The weekend announcement that a coalition of countries had reached a preliminary deal to contain the Iranian nuclear program was met with harsh criticism from those who doubt the Middle Eastern nation, deeply rooted in its 1979 anti-Western revolution, has any desire to change its previously hostile policies.
Israel is chief among the critics of the latest deal, struck by representatives from the permanent members of the U.N. Security Council and Germany, known as P5+1. News organizations there dedicated most of their top headline space Monday morning to reports of harsh criticism of the plan from Prime Minister Benjamin Netanyahu, and analysis for the security implications on the embattled Jewish nation.
"Israel's choice: None. Deal's done," and "It'll hurt Israel more than Iran," were two analysis headlines at Haaretz. "Netanyahu said to have warned Obama over Iranian nuclear deal," was the top story at the Jerusalem Post homepage.
Much has been made in recent days of the level of conversation between the Obama administration and Netanyahu's government as P5+1 neared an initial accord. The U.S. and Israel have historically enjoyed a close relationship, with Israel as one of the world's largest recipients of military aid. But insider reports indicate Obama's perceived liberal international policies don't jive with a more hardline approach from the Israeli leader.
"The prime minister made it clear to the most powerful man on earth that if he intends to stay the most powerful man on earth, it's important to make a change in American policy," said Tzachi Hanegbi, a member of Netanyahu's ruling Likud party, according to the Post. "The practical result of his current policy is liable to lead him to the same failure that the Americans absorbed in North Korea and Pakistan, and Iran could be next in line."
Military analysts within Israel are now turning much of their attention to the likelihood of success if Israel were to launch an aerial strike against Iran's existing nuclear facilities.
A similar dialogue is echoed in Saudi Arabia, a known rival of Iran on issues throughout the region. The Saudi government refused a seat on the Security Council, citing Western ineffectiveness at resolving Middle East issues.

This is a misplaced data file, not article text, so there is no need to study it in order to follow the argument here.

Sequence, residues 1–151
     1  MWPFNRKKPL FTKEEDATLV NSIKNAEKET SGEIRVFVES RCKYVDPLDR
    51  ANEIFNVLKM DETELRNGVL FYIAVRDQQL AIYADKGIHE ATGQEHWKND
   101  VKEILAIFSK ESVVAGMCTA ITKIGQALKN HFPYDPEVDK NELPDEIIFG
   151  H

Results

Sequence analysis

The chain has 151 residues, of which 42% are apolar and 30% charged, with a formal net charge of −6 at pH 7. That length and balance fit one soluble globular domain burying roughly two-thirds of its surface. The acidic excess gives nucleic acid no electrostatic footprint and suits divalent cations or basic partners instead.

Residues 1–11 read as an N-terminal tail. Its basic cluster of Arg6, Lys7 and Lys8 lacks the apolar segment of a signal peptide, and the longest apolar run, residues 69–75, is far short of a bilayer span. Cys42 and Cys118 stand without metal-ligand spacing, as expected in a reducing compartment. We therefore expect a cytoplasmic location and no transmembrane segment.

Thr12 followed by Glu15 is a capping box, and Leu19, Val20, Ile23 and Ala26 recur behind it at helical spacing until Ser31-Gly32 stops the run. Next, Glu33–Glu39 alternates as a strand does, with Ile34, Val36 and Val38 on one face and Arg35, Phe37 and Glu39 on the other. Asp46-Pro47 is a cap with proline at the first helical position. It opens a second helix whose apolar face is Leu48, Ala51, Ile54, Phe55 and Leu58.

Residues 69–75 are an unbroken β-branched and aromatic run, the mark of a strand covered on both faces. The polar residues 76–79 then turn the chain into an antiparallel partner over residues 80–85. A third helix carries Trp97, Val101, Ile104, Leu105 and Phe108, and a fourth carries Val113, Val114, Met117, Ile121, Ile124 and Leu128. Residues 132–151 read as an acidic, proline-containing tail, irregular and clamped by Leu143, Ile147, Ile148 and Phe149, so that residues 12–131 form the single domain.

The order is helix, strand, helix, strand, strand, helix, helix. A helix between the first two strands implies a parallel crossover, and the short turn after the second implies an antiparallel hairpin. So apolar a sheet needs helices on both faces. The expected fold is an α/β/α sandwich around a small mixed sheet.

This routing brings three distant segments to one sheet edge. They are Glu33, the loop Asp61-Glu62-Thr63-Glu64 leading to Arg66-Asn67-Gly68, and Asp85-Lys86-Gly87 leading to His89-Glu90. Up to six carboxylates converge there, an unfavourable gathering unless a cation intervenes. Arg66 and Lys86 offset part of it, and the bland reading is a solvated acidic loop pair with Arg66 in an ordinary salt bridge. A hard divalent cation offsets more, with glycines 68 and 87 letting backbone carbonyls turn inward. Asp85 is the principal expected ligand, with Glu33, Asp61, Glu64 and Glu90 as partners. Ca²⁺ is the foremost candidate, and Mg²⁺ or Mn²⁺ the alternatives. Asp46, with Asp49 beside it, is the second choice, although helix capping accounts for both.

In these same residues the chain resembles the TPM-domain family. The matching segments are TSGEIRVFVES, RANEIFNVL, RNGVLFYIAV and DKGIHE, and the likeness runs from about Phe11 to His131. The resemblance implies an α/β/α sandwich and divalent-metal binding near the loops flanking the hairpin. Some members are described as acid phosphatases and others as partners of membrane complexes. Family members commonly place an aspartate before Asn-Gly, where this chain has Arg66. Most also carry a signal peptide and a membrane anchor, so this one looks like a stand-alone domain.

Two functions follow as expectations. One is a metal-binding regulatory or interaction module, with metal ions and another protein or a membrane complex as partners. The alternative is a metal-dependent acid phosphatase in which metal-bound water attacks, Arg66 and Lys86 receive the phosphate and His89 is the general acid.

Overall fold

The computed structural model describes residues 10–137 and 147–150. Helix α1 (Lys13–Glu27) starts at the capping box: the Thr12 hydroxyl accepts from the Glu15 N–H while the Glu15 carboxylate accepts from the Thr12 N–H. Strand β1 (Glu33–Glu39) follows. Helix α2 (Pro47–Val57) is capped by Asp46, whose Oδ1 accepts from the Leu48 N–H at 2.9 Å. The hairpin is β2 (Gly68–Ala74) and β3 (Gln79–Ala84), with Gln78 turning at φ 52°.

Nawaf Obaid, a senior adviser to the Saudi royal family, accused the West of deceiving Saudi Arabia by reaching a temporary deal with Iran.
"We were lied to, things were hidden from us," he said, according to the Telegraph, citing not the contents of the deal but that it was reached in secret.
A statement from the Saudi government greets the deal as "good intentions" that could lead to a comprehensive agreement on Iran's nuclear capabilities, the Guardian reports. But the statement warned that such a solution should address all such weapons of mass destruction throughout the Middle East.
The temporary deal, announced late Saturday, begins the process of chipping away at international sanctions against Iran, largely restricting international banking and oil exports there, in exchange for assurances it will downgrade its existing nuclear development and establish a framework of international oversight. Many of the details remain in flux, including how the U.S., U.N. and European Union will begin to ease their sanctions.
Representatives of the U.S. government have stressed in recent weeks that the initial sanctions lifted would be largely superficial until Iran can prove it is meeting its end of the deal.
A White House official said Sunday the initial sanctions to be eased will be "temporary, targeted and reversible."
The Iranian government has framed the latest agreement as international recognition of "Iran's nuclear rights."
"During the talks, the world came to understand that respecting the Iranian nation would bear results, and sanctions would not work," said Iranian President Hassan Rouhani on Sunday, according to state-run news service Fars.